The strangest and most interesting encounters often have the smallest and most innocuous starts. Back in June I received a message through Flickr from a user called Truts1.
For a couple of years now I've been collecting old rugby programs and annuals. I've put some of the more interesting images from them on Flickr, including this one. This is what Truts1, whose name is Anton Truter, saw when he went in search of images from the 1965 Springbok tour of New Zealand. And so he emailed:
Sorry to bother .....Hadyn I have been researching info for my fathers 70th and came across your photos on flickr. Do you or your family have any connection to the 1965 test where South Africa Played New Zealand...my father Trix Truter played in the test....and was looking for old photos of the game....
I have to say that at first I was wary; such is the state of the internet that unsolicited emails from anonymous community members can lead to adverse outcomes. But I (correctly) assumed that Anton was sincere, but sadly I had to reply to him that all I had was the pre-tour guide, and the only photo of his father, JC "Trix" Truter was a profile headshot.
Of course even looking at the profiles from the 1960s is like archaeology. Just from the page Trix is on there are five other Springboks, one is a doctor, Trix is an electrician, and none of the photos look like they were taken for the official program. Brynard, the doctor, looks like he's just come off the field and Nomis' image looks like a Facebook photo taken at the beginning of a party.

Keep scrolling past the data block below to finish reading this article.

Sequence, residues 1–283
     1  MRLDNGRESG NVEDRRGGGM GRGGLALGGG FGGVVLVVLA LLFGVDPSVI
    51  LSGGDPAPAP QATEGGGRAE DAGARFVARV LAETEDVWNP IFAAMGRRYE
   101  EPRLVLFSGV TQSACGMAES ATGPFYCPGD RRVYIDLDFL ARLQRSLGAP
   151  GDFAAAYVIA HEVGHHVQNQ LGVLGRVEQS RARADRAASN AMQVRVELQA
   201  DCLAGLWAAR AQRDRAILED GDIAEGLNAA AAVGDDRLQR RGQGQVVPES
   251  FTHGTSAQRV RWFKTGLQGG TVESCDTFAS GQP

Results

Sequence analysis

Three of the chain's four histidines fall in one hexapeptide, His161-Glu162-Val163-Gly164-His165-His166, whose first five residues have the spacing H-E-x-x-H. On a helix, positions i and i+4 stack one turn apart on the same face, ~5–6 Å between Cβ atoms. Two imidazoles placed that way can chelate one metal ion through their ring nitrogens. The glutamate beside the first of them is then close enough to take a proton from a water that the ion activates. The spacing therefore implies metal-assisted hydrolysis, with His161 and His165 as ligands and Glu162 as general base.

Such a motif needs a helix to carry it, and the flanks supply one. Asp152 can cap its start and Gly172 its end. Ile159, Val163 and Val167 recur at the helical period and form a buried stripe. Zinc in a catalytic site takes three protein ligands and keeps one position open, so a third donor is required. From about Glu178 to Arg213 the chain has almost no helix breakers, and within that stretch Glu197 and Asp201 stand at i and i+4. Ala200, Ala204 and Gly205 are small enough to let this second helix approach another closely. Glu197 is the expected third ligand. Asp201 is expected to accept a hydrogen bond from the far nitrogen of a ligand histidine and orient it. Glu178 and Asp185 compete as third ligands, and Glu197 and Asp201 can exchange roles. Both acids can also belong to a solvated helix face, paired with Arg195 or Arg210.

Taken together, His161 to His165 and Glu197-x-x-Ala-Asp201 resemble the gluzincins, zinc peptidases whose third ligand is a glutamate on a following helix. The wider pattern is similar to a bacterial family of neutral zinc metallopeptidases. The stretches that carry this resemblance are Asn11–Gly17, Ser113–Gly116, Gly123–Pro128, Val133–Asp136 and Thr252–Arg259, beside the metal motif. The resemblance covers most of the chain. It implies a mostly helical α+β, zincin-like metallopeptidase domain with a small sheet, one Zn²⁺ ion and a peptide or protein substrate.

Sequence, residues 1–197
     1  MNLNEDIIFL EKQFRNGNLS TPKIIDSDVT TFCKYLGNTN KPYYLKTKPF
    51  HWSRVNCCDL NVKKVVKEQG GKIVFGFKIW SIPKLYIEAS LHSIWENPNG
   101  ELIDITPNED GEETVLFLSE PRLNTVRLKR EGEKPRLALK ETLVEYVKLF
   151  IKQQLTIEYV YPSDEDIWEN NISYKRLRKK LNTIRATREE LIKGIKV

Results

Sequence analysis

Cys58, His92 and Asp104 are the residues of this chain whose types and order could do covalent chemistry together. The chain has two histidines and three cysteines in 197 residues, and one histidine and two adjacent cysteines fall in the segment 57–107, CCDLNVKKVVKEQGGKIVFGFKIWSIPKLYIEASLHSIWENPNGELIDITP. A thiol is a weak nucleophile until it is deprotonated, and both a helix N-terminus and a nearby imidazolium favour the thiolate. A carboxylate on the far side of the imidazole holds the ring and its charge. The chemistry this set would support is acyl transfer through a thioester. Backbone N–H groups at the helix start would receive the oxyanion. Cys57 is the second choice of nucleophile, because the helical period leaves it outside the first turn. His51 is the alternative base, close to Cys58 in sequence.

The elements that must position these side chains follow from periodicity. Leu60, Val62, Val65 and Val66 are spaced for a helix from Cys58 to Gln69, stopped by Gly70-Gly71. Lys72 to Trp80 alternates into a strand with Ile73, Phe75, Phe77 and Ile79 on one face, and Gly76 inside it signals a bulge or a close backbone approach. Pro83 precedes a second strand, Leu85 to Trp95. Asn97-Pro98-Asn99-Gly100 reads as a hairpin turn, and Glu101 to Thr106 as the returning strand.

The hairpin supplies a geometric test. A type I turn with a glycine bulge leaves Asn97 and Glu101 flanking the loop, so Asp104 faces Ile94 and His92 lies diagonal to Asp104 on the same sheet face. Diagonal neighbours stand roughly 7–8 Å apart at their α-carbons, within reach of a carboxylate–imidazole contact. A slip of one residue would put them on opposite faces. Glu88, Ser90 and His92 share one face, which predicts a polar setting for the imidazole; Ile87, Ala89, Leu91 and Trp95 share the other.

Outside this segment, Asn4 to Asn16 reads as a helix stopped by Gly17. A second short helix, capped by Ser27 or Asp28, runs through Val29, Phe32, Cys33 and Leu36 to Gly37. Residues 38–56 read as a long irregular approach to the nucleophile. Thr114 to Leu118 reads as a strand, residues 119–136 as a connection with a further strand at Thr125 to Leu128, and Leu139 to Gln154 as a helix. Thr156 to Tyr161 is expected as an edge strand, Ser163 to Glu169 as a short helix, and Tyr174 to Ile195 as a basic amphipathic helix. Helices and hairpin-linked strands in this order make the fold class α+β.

This is what the rugby world was like pre-professionalism. There were no cookie-cutters. The "rugby schools" existed as did the "jobs for the boys" but so did the truck-driving players, the farmers whose idea of off-season training was, well, farming. And this how the game is still played at the non-professional levels.
Caleb Borchers wrote about a recent experience with the American rugby team.
…the week of a test against Georgia this summer, three Eagles had to travel 3.5 hours to Aspen. Why? So that they could bale hay for another player that was rehabbing. This allowed the fourth player to play instead of doing work back home at the farm.
A far cry from having 747s painted with your image.
A few days after Anton's email I was on a lunch break and on a whim popped into the antique bookstore on Lambton Quay where I usually purchase the programs. Sitting on the top of a pile of old pamphlets, annuals and books documenting various All Black World Cup failures (not to mention more than a few copies of Boots ‘n' All) was this: A Pictorial of the 1965 Springbok Tour.
I couldn't believe it. It seemed a little too fated. Of all the people Anton could've contacted, he happened upon the one who found exactly what he was after. Of all the gin joints and so on.
I took the book home and uploaded all the images from the book that were of Trix (the captions are the original captions from the book and make for interesting reading). Then I emailed Anton and waited.
Anton is based in London so I waited a couple of days before emailing to make sure he got them and that they were indeed of his father. His response almost broke my heart.
I am actually sitting here crying with joy at these photographs, my father celebrating his 70th only has one or two photos of his rugby playing days and these are a miracle.